For members of the Railway Angling club who fish the Trent where it flows past East Midlands airport on the outskirts of Derby, it has been a decade-long losing battle to stop the growing cargo hub from polluting their river.
The airport has a legal permit from the Environment Agency, the UK’s pollution watchdog, to discharge waste water containing de-icing agents between November and April each year. But if the effluent is not sufficiently diluted, it can suck oxygen out of the river water causing suffocating plumes of so-called “sewage fungus”.
According to the permit, which was updated in 2018, the discharges should not create a “significant adverse visual effect” on the river. But each year since then the fungus has returned, members of the angling club report, temporarily smothering a 170 metre stretch of the riverbank where fish such as bullheads and stone loach come to feed and spawn.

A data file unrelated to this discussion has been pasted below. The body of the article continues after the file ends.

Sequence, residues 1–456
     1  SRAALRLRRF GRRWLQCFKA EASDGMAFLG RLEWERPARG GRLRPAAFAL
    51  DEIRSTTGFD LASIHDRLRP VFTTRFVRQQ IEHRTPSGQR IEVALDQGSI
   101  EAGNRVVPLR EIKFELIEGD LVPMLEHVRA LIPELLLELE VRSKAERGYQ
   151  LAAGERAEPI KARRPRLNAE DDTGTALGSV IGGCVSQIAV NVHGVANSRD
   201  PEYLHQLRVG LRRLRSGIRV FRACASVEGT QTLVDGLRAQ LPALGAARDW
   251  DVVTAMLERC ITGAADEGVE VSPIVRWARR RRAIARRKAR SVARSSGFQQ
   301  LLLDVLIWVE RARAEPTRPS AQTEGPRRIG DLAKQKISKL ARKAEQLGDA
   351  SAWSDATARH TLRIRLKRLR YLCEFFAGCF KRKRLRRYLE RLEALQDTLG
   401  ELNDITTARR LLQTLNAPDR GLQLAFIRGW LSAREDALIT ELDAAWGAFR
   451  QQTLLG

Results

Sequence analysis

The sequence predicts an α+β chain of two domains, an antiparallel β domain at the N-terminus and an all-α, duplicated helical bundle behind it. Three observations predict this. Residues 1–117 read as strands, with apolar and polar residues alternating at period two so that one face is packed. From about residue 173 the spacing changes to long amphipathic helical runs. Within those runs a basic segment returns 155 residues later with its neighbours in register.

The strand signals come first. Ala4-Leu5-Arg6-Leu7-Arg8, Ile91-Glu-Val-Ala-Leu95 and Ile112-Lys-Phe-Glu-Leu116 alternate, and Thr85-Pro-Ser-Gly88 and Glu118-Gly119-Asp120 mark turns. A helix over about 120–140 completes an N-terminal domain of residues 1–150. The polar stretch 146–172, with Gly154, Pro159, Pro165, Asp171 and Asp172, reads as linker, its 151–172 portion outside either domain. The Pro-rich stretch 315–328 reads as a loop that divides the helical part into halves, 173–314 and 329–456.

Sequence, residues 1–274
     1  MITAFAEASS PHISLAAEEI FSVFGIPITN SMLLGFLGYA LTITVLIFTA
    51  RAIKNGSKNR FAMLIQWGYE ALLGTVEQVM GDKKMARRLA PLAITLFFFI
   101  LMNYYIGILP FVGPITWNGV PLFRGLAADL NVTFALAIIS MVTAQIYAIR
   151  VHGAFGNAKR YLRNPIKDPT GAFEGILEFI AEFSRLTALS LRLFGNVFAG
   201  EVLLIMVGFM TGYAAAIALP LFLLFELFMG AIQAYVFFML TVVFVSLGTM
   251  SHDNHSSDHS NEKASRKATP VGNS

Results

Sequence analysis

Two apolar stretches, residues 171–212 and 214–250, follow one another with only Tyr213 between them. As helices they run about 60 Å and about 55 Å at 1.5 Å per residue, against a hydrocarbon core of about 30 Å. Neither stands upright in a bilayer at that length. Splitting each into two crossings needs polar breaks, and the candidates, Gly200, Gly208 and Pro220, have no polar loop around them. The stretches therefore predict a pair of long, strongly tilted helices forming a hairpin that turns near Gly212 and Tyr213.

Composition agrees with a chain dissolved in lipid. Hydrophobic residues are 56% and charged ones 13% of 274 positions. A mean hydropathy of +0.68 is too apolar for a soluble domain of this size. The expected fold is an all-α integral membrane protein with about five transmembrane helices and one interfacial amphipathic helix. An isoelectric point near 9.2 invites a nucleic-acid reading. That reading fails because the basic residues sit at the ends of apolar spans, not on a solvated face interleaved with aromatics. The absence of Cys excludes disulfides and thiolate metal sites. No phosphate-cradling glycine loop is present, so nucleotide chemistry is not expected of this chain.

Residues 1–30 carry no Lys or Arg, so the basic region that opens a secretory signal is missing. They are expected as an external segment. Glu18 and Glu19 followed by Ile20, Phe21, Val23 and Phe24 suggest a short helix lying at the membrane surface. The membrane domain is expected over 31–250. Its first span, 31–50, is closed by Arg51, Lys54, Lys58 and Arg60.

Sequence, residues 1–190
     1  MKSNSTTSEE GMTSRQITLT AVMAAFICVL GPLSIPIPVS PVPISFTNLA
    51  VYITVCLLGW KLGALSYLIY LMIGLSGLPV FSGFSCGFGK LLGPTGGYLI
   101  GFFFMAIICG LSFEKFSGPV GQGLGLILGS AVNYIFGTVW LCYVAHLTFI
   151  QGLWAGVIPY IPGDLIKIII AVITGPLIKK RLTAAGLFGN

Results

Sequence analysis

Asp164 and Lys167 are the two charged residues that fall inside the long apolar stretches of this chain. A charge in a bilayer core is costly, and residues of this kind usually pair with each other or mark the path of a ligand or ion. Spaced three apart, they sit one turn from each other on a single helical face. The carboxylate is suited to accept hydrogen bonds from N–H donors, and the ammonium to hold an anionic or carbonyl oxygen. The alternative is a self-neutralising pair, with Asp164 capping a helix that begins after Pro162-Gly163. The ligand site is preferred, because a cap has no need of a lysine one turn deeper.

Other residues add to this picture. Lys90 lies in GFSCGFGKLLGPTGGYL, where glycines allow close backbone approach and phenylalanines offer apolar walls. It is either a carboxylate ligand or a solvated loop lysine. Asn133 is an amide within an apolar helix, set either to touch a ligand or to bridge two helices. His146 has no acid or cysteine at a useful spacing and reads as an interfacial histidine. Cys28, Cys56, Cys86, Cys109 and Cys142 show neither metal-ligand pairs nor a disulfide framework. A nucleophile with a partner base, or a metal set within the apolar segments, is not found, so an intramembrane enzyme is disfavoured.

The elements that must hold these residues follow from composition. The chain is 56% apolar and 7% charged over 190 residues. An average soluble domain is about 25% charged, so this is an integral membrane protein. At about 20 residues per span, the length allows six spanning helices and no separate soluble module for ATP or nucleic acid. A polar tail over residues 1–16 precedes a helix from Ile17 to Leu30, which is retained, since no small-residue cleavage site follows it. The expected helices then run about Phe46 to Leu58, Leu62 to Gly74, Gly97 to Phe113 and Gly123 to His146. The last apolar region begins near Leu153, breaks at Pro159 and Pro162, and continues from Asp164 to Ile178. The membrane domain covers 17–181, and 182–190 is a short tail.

The pollution incidents are well known to the Environment Agency. The regulator issued a written warning to the airport in 2019, reviewed a fungus plume in 2020 and is currently investigating another alleged breach in 2021; but for the angling club the warnings amount to nothing more than bureaucratic slaps on the wrist.
“The problem is that every breach of the permit is just met with a warning letter,” said Gary Cyster, a retired Environment Agency fisheries inspector who fishes with the Railway Angling club and has been closely monitoring the airport’s activities since 2010.